Shuya's mother abandons her son in Confessions
Toho Co. Ltd.

However, is this true? Confessions is filled with unreliable narrators, ones who are seemingly representative of the roles they play. While Moriguchi and Shimomura are driven by shame and responsibility for their children, there is a degree of selfishness in their actions, and an unwillingness to look outside of their roles. Moriguchi later seems to recognize that her ex-fiancé deserved a role in Manami’s life; noting that the first and only time that he held his daughter was at her funeral. And Shimomura keeps herself and her house in a perfect state, drugging her son with sleeping pills to cut his hair and change his clothing. Yet, Shimomura overlooks her son’s need for clinical help, instead confining them both to their home while rigidly adhering to her role. 

And yet, outside of their roles as mothers, Moriguchi and Shimomura appear as empty characters, because they are empty. Their identities are singularly defined by their roles as caregivers, with their personal belongings serving as reminders of their purpose. Moriguchi clings to Manami's belongings, while Shimomura treasures a scrapbook filled with photos of Naoki. This stark contrast with Shuya’s distant mother underscores the suffocating nature of traditional motherhood expectations and the potential consequences of rejecting or embracing them. It portrays how the absence of a life beyond motherhood can lead to an emptiness of self, where personal identity becomes subsumed by the responsibilities of motherhood.

Shuya and his mother in Confessions
Toho Co. Ltd.

Neither is there an escape from it for any of the mothers involved. Throughout the film, an undercurrent of these burdens manifests in the women’s inability to evade the consequences of their children's actions. Despite Japan's juvenile law ostensibly placing accountability on both parents, it is the mothers who bear the brunt of societal judgment and condemnation. Fathers are fleeting figures in the narrative, highlighting how the traditional roles that Japanese society encourages for women are often defined by loneliness and isolation. This theme is exemplified by both Shimomura, whose only reference to her husband is that he is away on business, and by Moriguchi, who deliberately keeps her ex-fiancé, the father of Manami, at a distance, unwilling to subject their daughter to the stigma of his illness—HIV, later developing into AIDS. At the same time, both men seem to accept this inherent distance from their children.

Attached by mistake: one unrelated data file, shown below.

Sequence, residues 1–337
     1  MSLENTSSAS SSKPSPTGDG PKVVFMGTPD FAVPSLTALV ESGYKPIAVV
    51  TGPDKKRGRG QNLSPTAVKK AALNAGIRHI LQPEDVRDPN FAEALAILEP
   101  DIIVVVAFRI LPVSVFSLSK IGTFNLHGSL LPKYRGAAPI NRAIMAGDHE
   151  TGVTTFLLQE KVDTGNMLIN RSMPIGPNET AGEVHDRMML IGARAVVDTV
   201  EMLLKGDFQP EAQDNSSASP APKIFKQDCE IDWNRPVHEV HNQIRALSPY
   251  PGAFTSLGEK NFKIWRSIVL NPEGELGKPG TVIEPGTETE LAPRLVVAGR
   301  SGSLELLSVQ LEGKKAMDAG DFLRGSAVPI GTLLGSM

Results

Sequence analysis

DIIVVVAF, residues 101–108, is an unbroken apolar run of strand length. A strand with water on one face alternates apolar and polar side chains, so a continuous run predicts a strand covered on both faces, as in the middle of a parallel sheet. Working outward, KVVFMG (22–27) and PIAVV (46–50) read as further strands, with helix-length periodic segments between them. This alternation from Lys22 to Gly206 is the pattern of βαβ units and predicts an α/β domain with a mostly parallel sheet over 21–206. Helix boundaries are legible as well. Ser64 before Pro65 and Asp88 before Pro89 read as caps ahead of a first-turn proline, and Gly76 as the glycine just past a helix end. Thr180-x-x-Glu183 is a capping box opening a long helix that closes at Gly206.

As the film delves deeper into the ramifications of Japan's juvenile law, it becomes evident that the burdens faced by the mothers are intricately intertwined with societal expectations and judgments. The confrontation with this legal framework prompts introspection among the mothers, forcing them to grapple with their sense of culpability. However, rather than offering solace or resolution, this introspection only serves to deepen their sense of entrapment. Shimomura's incapacity to accept the reality of her son's actions reflects the profound psychological toll of societal judgment, while Moriguchi's act of violent retribution by redirecting the bomb planted by Shuya to his mother's office underscores the desperation of a mother seeking justice for her daughter's death. 

Manami dies in Confessions
Toho Co. Ltd.

Moriguchi's poignant question to Shuya—"Why should innocent people die for you?"— encapsulates the inherent paradox of maternal responsibility, wherein the mothers are held accountable for the actions of their children, even as they struggle to reconcile their maternal instincts with the harsh realities of their circumstances. Despite their efforts to redefine themselves beyond the confines of motherhood, the women remain inexorably tied to this identity, unable to escape the societal expectations and judgments that accompany it. Shuya’s mother could not escape her role, the same as Shimomura and Moriguchi never could, had they even tried. 

Ultimately, Confessions transcends its genre as a psychological revenge thriller, offering a profound exploration of maternal identity and the enduring impact of shame within the cultural context of Japan. Through the intimately woven stories of Moriguchi and Shimomura, the film challenges viewers to confront the corrosive nature of shame and the complex interplay of guilt and responsibility, underscoring the universal truths that resonate beyond the confines of its narrative.